A Tribute to the of






For me there are certain writers and artists and combinations thereof from DC’s greatest era that simply scream Silver Age. Gardner Fox, John Broome, Otto Binder, Edmond Hamilton, Gil Kane, Murphy Anderson, Mike Sekowsky, Sid Greene, Carmine Infantino, Nick Cardy, Andru and Esposito and so on.

Therefore, it’s always a pleasure to lose myself in a classic tale crafted by the thinking man’s (or woman’s) author, Gardner Fox, teamed up with the always superb Murphy Anderson in the artist’s chair. It’s from Hawkman #7, April/May of 1964 where Hawkman and Hawkgirl deal with the “Amazing Return of the I.Q. Gang!” The rest of the stellar creative team includes Editor Julius Schwartz and the wonderful Gaspar Saladino on letters. Obviously “Amazing Return” indicates a prior appearance, which occurred in Mystery in Space #87 from November of 1963 with the same characters and creators involved. And where, might you ask, does the name of the I.Q. gang originate? Why, with Ira “I.Q.” Quimby.

Ira is, of course, in the lockup at the beginning of the story, and flagrantly ignoring the dangers of melanoma, constantly bathes himself in as much sunlight as possible at every given opportunity. There is a reason, though. It turns out that Ira’s brain power is increased with the exposure to Sol, due to the fact that, in Midway City, Hawkman and Hawkgirl’s home turf, specifically the museum, he’d spent time checking out a rock fragment from Rann. When it was exposed to sunlight it made Ira brilliant.

Much like Superman, Quimby had enough exposure that the stone’s properties are embedded in him and are triggered by more sunshine. It’s given him enough smarts that he has successfully doped out an escape plan using a pinwheel.

It’s not an ordinary pinwheel, however, and out in the yard, he pulls it out and gets it rotating and the special properties cause it to literally bend light rays around him, making him invisible. A side effect is that he cannot see, but he’d memorized the way out and strolls to freedom.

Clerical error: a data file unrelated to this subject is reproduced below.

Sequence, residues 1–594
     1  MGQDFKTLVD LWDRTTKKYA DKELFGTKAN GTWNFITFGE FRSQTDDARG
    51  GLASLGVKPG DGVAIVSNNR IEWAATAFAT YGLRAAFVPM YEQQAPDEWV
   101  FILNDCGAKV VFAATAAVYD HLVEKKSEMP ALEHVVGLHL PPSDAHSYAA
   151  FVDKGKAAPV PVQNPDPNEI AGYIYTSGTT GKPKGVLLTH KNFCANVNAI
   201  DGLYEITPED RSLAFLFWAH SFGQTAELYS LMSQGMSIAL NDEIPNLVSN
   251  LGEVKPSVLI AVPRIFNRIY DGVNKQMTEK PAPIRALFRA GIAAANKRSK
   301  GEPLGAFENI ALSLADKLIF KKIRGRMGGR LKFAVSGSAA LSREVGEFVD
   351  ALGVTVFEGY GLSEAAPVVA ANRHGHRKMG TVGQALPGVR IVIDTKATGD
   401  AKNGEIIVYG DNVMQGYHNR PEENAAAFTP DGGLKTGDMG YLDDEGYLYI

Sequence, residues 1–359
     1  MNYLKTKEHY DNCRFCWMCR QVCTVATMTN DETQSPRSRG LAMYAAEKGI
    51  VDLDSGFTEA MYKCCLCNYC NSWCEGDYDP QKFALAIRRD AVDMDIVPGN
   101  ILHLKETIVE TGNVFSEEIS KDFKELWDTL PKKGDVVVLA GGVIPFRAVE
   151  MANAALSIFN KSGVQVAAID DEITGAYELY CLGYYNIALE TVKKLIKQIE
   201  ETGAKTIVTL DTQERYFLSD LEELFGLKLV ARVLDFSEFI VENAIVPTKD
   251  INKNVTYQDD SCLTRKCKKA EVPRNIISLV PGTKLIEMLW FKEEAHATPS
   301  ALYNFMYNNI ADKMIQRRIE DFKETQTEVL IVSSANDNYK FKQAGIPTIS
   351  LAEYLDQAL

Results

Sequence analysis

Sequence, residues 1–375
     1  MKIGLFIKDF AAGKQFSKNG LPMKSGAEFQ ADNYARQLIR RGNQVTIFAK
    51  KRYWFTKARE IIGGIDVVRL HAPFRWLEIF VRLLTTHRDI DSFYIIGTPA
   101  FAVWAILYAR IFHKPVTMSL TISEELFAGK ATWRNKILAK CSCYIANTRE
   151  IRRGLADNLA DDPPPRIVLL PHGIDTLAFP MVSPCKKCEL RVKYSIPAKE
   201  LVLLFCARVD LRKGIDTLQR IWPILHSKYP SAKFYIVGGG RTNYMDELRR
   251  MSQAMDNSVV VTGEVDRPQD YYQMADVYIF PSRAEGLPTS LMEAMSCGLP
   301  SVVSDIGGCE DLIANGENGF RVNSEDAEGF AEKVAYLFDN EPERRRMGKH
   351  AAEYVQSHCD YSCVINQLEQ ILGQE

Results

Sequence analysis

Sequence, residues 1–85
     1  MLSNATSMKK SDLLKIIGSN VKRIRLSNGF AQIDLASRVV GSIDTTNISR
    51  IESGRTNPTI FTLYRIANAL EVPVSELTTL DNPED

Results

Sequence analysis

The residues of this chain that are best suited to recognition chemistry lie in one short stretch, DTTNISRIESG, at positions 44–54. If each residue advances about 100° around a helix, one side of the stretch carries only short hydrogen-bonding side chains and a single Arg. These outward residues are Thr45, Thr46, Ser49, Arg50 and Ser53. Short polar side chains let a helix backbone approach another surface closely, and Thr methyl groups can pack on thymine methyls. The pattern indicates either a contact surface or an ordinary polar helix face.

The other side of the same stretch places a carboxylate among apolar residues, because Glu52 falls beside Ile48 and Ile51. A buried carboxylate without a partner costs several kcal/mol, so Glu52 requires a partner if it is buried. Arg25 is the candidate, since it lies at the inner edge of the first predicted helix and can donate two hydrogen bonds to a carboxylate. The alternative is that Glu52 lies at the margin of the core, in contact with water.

It isn’t long before Carter and Shiera Hall get word that their old foe has escaped the joint, so the Thanagarians go into action with a tracking device developed by Hawkman that will home in on Ira’s brain emanations. Unfortunately for the winged wonders, the I.Q. enhanced Quimby is a step ahead of them and uses a jamming device to shake them off the trail. Then it’s back to plotting the perfect robbery.

Hawkman takes other precautions, showing Ira’s mugshot to the local bird life and asking them to alert him if he’s spotted.

Next thing you know, a most bizarre theft is taking place when many golden art objects that had been on a special display abruptly fly into the sky where they are scooped up by the I.Q. gang who are riding what can only be described as a cross between a unicycle and an axle with paddlewheels somehow allowing them to take flight.

Alerted by their bird allies, Hawkman and Hawkgirl arrive to disrupt the sky high thievery. Soon, they’re down to apprehending just I.Q. himself, but Quimby won’t go quietly and leads them into a trap.

A massive net falls over our heroic duo and it’s no ordinary net. It responds to a remote control in the criminal’s mitts and he’s able to manipulate it to where it keeps the Winged Wonders off balance and he sends it hurtling toward a sheer cliff wall, closing out part I.

Part II shows the trapped Thanagarians still headed toward certain doom when Hawkman instructs his wife and partner to turn her anti-gravity unit to the maximum while he does the same in reverse, pulling them apart and ultimately the net itself. They successfully escape the trap before being splattered against the cliff wall.

Returning to the rooftop where the crooks were trussed up, they discover I.Q. beat them to it and they are left to find the trail again. Fortunately they still have their own personal detective unit in the birds and Hawkman has also used his know-how by pre-coating his bolo weapon with traces of a radioactive chemical. Special lenses in their ensemble will allow them to track where it had been on their clothing.

Soon, the Flying Furies have crashed the I.Q. gang’s hideout. Ira still has a trick up his sleeve, however, and activates the same light ray bending technology to turn the inhabitants of the room blind. Hawkman instinctively uses his wings to try to disrupt things and he begins to have some success when he can make out faint outlines of the gang. It turns out Quimby has placed pinwheels all around the room.

In the next moment, Ira deploys another lever, still exploiting the distortion, but in a new way. Now it appears that body parts are floating all around and it’s all but impossible to discern where they really are. Undaunted, Hawkman and Hawkgirl fight on. The occasional lucky punch lands, but they soon realize how to solve things. They must disable the pinwheels.

In short order they manage just that and soon the entire gang is trussed up and ready to be turned over to the authorities, bringing this imaginative tale to a close.

Again, this was a good sampling of classic Silver Age fare and while Hawkman has inevitably been something of a second stringer, in the right hands he is every bit as formidable as his fellow JLA members. I’ll give this one an 8 on the 10 point scale.

Do joint us again the middle of the month for a new review and keep those notes rolling in at professor_the@hotmail.com.

As always…

Long live the Silver Age!



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